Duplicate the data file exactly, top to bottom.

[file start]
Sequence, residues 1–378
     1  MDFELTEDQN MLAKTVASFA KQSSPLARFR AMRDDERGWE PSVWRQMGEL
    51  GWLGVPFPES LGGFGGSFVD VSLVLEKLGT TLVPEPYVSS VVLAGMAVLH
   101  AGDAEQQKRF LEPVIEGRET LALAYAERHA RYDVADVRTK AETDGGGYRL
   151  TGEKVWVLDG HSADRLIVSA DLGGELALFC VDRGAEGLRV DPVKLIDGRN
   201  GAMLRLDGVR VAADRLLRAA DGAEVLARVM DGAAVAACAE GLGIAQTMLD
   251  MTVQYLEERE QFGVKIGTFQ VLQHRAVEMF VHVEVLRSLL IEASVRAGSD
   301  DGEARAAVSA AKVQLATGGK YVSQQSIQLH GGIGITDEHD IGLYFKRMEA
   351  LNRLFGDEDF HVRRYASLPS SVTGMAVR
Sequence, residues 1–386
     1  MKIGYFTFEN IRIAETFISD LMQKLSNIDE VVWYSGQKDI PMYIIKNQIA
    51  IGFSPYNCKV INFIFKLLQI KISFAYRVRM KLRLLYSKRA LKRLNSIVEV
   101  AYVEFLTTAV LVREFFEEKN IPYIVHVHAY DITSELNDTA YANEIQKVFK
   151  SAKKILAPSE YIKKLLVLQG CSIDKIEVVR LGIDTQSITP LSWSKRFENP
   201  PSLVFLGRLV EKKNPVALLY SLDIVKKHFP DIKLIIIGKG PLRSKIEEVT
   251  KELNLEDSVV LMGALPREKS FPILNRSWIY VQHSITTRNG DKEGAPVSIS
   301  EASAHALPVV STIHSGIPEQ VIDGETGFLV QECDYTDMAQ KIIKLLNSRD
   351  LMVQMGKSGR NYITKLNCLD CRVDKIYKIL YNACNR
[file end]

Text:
Sequence, residues 1–378
     1  MDFELTEDQN MLAKTVASFA KQSSPLARFR AMRDDERGWE PSVWRQMGEL
    51  GWLGVPFPES LGGFGGSFVD VSLVLEKLGT TLVPEPYVSS VVLAGMAVLH
   101  AGDAEQQKRF LEPVIEGRET LALAYAERHA RYDVADVRTK AETDGGGYRL
   151  TGEKVWVLDG HSADRLIVSA DLGGELALFC VDRGAEGLRV DPVKLIDGRN
   201  GAMLRLDGVR VAADRLLRAA DGAEVLARVM DGAAVAACAE GLGIAQTMLD
   251  MTVQYLEERE QFGVKIGTFQ VLQHRAVEMF VHVEVLRSLL IEASVRAGSD
   301  DGEARAAVSA AKVQLATGGK YVSQQSIQLH GGIGITDEHD IGLYFKRMEA
   351  LNRLFGDEDF HVRRYASLPS SVTGMAVR
Sequence, residues 1–386
     1  MKIGYFTFEN IRIAETFISD LMQKLSNIDE VVWYSGQKDI PMYIIKNQIA
    51  IGFSPYNCKV INFIFKLLQI KISFAYRVRM KLRLLYSKRA LKRLNSIVEV
   101  AYVEFLTTAV LVREFFEEKN IPYIVHVHAY DITSELNDTA YANEIQKVFK
   151  SAKKILAPSE YIKKLLVLQG CSIDKIEVVR LGIDTQSITP LSWSKRFENP
   201  PSLVFLGRLV EKKNPVALLY SLDIVKKHFP DIKLIIIGKG PLRSKIEEVT
   251  KELNLEDSVV LMGALPREKS FPILNRSWIY VQHSITTRNG DKEGAPVSIS
   301  EASAHALPVV STIHSGIPEQ VIDGETGFLV QECDYTDMAQ KIIKLLNSRD
   351  LMVQMGKSGR NYITKLNCLD CRVDKIYKIL YNACNR